125g wholemeal flour

1 tsp salt

1 tsp baking powder

1 tsp baking soda

1 tsp cream of tartar (couldn’t locate this at all)

90g crushed up nuts

1tblsp sunflower seeds (couldn’t find these either)

Sieve all these ingredients and mix together, then add in the following wet ingredients (pre-mixed also)

250g yoghurt

300ml milk

1 tbsp runny honey

1 tbsp sunflower oil

Once it’s mixed into a running dough pour into a pre-greased tin, (a big one, I only had two small ones hence the two odd shaped loafs). Sprinkle with seeds. Pop into a pre-heated oven of 180 for one hour. The bread is ready when golden brown and the sides of the bread have shrunk away from the tin.

Serve hot from the oven and use the tin as a hand warmer if still desperate!

Christmas on the Green Isle

Home for Christmas to eat lots of raspberry jam and brown bread, play with sisters and friends, get hugs from auntys and uncles, kisses from mommy and daddy, cuddles with a fox. This blog is about my life and adventure in Japan not in Ireland so here are just a few photos of my favorite December days with the paddys.

Jessie, Jill and Ryan are three furrys I miss terribly, growing up surrounded by dogs means my appartment in Japan feels very empty and lonely at times without them.

The Fluffy's

On Christmas day myself, mama, pops, Aoife and our cousin Brendan headed up to Bray head for a walk, from here you can see all of Dublin bay stretching to Howth from one side and from another you can see Greystones and Arklow on a clear day. Was a beautiful morning.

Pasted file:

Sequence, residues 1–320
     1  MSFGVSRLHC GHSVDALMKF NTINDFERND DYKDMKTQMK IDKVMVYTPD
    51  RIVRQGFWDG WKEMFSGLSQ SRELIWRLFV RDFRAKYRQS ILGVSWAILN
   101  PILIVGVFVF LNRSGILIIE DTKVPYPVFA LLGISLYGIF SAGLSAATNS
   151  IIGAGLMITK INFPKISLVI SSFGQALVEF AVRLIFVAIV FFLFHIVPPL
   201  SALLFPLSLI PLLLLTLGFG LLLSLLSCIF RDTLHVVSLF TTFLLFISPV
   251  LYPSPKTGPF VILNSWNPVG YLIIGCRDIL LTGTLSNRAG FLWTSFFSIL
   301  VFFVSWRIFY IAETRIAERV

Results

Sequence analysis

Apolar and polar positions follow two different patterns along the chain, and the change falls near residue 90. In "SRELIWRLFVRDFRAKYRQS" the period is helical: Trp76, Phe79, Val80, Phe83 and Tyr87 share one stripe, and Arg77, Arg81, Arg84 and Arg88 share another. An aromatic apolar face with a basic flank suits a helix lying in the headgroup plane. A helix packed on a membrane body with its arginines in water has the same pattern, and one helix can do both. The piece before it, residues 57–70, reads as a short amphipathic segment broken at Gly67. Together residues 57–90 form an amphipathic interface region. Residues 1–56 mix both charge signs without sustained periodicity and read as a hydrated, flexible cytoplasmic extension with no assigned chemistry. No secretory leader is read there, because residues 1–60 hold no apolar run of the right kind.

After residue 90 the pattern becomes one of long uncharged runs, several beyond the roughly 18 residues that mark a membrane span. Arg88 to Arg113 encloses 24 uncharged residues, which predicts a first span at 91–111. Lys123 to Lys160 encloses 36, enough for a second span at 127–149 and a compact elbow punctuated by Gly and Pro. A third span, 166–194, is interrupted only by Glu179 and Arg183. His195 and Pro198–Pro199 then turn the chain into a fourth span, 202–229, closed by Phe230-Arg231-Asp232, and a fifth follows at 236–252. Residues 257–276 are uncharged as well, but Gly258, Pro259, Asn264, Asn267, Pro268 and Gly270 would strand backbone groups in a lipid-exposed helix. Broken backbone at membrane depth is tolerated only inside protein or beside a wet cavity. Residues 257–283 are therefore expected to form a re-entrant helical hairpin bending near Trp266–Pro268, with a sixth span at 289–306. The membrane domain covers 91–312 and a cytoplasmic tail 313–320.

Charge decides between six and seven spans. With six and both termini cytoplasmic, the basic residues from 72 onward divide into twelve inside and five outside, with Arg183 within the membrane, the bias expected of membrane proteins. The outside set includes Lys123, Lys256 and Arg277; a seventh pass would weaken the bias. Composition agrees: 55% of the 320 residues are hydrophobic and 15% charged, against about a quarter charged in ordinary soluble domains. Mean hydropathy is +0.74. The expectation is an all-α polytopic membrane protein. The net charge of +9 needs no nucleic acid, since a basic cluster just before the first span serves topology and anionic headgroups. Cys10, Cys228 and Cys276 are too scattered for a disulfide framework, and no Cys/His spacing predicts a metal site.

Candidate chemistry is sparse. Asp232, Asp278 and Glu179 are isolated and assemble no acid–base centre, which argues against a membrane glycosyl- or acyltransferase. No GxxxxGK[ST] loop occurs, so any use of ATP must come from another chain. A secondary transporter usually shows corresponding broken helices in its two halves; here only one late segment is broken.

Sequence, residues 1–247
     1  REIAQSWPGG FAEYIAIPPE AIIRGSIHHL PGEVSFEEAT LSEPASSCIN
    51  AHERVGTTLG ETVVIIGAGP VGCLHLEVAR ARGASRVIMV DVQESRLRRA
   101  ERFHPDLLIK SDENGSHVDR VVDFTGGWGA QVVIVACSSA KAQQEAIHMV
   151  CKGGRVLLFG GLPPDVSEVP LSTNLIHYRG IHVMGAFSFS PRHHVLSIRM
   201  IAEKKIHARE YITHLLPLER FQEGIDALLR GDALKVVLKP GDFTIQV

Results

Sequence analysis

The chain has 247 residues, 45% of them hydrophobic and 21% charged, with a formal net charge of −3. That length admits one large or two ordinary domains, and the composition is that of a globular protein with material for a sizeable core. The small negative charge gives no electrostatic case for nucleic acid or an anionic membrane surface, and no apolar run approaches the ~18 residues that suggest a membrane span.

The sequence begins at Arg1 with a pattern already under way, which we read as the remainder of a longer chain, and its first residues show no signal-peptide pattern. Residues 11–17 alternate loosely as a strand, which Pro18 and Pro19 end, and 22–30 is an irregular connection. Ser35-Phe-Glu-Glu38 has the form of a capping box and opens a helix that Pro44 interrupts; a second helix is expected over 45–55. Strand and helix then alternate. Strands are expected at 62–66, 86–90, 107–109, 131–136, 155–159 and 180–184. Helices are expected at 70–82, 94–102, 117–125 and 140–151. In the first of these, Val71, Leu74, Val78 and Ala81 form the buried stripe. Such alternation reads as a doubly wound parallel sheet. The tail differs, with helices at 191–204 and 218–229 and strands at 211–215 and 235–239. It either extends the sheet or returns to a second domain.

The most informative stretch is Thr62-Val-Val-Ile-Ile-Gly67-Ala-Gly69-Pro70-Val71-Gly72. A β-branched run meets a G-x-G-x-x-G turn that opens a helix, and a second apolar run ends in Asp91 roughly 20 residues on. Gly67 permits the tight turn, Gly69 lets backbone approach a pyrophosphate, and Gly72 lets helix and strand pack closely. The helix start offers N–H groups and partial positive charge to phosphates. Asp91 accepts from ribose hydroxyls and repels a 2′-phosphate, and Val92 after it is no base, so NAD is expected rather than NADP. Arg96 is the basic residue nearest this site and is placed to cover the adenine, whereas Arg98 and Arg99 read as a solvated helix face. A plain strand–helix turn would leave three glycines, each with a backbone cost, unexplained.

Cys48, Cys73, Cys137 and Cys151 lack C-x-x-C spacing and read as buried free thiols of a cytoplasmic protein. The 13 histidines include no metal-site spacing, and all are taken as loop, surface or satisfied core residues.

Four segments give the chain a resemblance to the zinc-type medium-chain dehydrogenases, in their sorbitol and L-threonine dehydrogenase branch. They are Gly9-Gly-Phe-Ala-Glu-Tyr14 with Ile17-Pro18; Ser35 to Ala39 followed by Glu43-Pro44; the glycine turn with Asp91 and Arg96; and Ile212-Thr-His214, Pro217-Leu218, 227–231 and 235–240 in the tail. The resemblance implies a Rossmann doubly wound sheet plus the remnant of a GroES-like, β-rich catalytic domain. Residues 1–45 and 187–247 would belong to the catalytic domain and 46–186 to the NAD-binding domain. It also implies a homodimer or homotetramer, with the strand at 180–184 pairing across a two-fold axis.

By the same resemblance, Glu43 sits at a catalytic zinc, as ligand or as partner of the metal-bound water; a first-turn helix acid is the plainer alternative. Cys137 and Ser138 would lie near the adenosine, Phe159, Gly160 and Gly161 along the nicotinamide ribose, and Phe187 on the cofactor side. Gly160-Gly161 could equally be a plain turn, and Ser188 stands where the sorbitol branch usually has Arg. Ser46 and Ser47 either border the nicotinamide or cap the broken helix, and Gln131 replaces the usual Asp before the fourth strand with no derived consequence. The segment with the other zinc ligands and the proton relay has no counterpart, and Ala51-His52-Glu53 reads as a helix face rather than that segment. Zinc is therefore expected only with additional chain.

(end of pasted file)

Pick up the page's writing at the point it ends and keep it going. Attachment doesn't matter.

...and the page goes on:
Christmas day view of Wicklow

Christmaa day on Bray Head

Lunch in Avoca Kilmacanough with Mum, Aoife and Bernie with her mum Lilly and daughter Aimee.

Avoca December 28th

Christmas days were spent with family and cousins from all sides of the family. 

Christmas Eve Lunch with the Doyle's

 

From Left, myself and newly engaged cousin Louise, Christmas day breakfast with sisters Aoife, Ruth and cousins Brendan and Alyce

Eamonn and Ryan on a walk to Arklow

Christmas day breaky at home

Christmas Dinner 2010

Returning to Aomori

Poor Creatures

 

I went back to Ireland for a Christmas/ New Years holiday, returning on Sunday to find a new and unrecognizable Aomori. Three weeks ago I could have walked to school blind folded, today I couldn’t even find a path to guide me. When the snow falls in Northern Japan, it falls and falls and covers ever inch of your memory. The path I cycled in the summer and walked in the frosty ends of autumn has gone into deep hibernation, in its place are huge mountains of snow. I was so confused when I stood at the edge of my road unsure whether to climb the mountain or detour onto the narrow road. I did a bit of both desperetly looking for others to follow, which is a key feature to survival in Japan. While climbing the mountains you get a few options, one is you slip and land on your arse (bear in mind you are raised well above road level for all to view your fall) or you slip and your foot goes flying through a chunk of powder, before you know it one leg is buried and the other still perched above, you fall then of course due to major unbalancing. Then there is the option of taking one step and flying through the side of the pathway, your leg bound for the road or OR it flies straight down along with your second foot following its example. Then you snow wade. I’m not sure why but I found this hilarious, I was crying with laughter as I cautiously took each step having no idea which option would delight me. I was well equipped in snow gear so very much enjoyed my amusing walk to school but I don’t know how the old grannys hack it. At lunch I headed for the bank half delighted but secretly disappointed to see these adventurous path ways had been cleared, but the odd path mountain was left for me to explore. Aomori is a scarily snowy but equally exciting place to live!

Cleared adventure mountain 😦

Snow mountain mid clearance

Can you find the car?

There is infact a car beneath spotted by the wing mirror!

I rooted up some pics I took during the summer here are some before and after snow shots.

Summer

Winter

Summer

Winter

Summer lane up to appartment

Winter lane up to appartment